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Re: [Cif2-encoding] How we wrap this up

Dear John,

   The topic I wish to discuss is how to move CIF2 forward.
The norm I am used to in standards work is one of continuity
and gradual change.  I am used to the approach of taking
existing features and deprecating them for some period of time
(often a few years) rather than dropping them abruptly.  I
find many aspects of the current approach to CIF2 troubling
because of the discontinuity from CIF1 practice without
such a transition.

   My motion is an effort to try to bring the transition to
CIF2 more in line with the traditional standards approach
of gradual change through deprecation of non-unicode
encodings rather than trying to abruptly wipe them out.
XML has not managed to complete that transition after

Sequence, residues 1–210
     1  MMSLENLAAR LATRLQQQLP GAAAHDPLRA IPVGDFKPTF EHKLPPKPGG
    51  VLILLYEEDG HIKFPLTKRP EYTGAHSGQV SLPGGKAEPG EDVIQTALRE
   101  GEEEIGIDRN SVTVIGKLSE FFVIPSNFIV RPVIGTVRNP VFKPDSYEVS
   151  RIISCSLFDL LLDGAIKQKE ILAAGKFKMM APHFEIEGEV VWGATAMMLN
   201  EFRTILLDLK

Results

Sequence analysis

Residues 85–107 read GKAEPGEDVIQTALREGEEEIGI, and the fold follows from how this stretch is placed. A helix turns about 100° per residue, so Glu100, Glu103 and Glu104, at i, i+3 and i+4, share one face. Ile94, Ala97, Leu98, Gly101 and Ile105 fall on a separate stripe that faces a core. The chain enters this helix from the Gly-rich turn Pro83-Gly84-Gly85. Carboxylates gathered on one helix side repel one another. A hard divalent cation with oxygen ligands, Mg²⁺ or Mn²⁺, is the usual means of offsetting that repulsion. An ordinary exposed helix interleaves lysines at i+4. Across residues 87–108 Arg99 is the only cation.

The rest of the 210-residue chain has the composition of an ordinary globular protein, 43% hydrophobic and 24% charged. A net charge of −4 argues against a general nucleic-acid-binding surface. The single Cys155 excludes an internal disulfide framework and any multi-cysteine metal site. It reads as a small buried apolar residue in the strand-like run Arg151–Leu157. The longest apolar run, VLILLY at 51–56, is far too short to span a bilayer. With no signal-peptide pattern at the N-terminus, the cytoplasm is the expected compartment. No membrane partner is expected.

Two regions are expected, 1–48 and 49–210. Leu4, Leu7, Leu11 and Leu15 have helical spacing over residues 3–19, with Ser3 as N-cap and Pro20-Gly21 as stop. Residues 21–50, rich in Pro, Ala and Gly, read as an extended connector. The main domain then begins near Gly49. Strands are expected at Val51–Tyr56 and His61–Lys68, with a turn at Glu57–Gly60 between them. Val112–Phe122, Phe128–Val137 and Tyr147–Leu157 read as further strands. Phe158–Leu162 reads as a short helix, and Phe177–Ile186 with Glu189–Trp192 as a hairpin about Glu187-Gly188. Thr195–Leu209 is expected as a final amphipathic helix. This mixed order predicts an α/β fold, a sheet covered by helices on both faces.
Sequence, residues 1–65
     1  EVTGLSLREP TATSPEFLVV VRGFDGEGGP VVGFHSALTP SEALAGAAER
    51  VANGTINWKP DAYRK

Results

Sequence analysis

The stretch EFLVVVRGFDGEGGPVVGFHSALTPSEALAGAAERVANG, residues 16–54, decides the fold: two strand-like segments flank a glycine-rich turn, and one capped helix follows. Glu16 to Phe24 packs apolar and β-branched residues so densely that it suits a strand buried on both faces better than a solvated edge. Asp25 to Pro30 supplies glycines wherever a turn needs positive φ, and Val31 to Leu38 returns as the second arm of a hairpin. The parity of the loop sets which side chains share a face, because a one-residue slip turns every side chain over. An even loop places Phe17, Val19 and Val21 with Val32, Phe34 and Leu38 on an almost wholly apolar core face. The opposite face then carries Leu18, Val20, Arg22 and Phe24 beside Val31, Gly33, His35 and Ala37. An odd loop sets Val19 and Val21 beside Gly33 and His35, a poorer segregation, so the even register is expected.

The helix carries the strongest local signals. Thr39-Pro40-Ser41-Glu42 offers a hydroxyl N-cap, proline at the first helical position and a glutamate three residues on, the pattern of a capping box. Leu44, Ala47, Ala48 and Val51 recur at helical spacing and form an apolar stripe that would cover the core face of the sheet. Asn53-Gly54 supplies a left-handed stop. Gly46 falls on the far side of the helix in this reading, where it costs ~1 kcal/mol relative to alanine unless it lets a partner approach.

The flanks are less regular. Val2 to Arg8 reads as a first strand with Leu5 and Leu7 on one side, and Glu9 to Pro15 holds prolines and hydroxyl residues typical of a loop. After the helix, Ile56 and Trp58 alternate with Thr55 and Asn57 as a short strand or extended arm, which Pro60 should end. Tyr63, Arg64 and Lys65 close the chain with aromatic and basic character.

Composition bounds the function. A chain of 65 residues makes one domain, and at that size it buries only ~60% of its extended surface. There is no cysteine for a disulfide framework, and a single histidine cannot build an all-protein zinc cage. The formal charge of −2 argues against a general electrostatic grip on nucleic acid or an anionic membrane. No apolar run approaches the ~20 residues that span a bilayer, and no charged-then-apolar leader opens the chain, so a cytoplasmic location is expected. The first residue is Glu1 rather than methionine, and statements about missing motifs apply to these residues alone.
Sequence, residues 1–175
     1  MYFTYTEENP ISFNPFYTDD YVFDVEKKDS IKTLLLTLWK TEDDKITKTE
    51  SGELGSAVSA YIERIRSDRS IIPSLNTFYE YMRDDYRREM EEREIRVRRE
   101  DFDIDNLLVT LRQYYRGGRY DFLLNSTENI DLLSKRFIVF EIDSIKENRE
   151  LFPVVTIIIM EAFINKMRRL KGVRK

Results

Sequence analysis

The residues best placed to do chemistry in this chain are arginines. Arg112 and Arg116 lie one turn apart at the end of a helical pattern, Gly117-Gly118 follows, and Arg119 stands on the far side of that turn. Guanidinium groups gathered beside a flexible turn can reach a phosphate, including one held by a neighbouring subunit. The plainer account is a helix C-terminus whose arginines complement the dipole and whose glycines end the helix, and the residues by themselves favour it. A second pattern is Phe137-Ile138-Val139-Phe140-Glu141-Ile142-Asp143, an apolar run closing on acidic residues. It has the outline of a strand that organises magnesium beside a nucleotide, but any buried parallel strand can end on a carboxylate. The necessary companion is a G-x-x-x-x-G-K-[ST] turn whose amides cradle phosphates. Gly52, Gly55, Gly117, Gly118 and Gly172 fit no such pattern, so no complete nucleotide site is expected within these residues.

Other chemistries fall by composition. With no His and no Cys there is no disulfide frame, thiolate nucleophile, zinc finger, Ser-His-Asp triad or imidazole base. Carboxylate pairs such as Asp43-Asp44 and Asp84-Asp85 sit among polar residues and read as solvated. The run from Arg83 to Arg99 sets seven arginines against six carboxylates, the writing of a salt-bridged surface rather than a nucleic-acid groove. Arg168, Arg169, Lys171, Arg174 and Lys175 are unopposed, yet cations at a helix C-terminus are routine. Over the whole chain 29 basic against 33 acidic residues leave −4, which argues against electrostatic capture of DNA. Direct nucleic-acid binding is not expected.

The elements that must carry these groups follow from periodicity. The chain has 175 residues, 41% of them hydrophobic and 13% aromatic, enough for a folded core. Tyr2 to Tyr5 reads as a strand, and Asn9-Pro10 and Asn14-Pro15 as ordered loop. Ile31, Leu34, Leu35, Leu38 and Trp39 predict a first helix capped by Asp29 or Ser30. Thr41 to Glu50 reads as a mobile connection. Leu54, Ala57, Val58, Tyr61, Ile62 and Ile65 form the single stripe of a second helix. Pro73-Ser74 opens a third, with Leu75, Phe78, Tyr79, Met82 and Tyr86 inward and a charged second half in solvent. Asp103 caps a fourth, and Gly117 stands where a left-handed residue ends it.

many years for favoring UTF8+UTF16, and we have much
weaker support infrastructure than does XML.

   So, the point of the meeting is not so much to refight
well-discussed technical issues, but to do the critical
work of finding a process to allow the community to
move forward with CIF2 in a way that actually works.  I
think my motion does that.  I would suggest you reread it.
It stops just short of formally deprecating non-unicode
encodings -- very similar to the current approach in
XML.  My guess is that that is a far as we can go right
now.  Maybe by next summer it would be possible to
actually formally deprecate non-Unicode encodings.  I
doubt it, but I could turn out to be wrong.

   Having a meeting should help to clarify this.

   Regards,
     Herbert

===============================================================

Proposed position on CIF2 character encodings submitted to
COMCIFS for a vote as an interim agreement on what can be
agreed thus far, subject to extension and refinement in
the future.

===============================================================